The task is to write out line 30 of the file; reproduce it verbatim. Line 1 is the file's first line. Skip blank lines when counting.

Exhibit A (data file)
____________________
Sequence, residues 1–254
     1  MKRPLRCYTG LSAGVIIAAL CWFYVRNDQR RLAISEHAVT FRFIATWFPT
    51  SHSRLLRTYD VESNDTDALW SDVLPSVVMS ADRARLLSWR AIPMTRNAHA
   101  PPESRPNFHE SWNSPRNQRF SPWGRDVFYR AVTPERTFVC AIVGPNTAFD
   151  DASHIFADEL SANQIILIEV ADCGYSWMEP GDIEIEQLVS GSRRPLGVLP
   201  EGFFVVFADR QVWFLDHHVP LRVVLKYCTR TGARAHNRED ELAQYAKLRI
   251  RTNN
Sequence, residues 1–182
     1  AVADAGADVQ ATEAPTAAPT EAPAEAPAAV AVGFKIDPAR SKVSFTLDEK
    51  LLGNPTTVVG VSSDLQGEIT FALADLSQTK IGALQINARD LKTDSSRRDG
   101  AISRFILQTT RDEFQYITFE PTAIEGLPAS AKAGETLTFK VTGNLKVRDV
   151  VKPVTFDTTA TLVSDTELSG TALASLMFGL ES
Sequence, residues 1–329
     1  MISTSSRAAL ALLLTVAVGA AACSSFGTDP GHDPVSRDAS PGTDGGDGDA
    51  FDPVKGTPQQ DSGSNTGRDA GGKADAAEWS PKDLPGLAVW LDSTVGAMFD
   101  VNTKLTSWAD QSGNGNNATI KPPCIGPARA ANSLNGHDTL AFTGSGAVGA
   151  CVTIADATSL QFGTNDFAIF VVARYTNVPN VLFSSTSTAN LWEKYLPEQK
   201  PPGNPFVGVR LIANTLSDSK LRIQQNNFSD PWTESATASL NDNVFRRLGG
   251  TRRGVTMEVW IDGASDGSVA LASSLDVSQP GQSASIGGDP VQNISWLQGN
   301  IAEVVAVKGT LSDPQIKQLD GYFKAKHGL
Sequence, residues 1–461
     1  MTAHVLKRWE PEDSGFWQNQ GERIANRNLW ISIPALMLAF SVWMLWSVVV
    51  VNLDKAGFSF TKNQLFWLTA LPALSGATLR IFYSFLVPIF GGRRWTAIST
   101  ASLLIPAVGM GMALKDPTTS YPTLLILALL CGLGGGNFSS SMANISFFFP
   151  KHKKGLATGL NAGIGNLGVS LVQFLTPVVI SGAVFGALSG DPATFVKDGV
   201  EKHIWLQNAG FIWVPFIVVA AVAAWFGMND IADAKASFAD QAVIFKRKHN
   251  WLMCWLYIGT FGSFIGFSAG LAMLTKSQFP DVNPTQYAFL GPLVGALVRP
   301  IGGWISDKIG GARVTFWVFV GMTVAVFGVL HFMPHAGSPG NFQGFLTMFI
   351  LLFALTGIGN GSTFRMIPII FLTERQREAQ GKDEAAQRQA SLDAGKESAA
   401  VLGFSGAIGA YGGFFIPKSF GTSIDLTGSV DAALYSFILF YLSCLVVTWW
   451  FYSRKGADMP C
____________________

   401  VLGFSGAIGA YGGFFIPKSF GTSIDLTGSV DAALYSFILF YLSCLVVTWW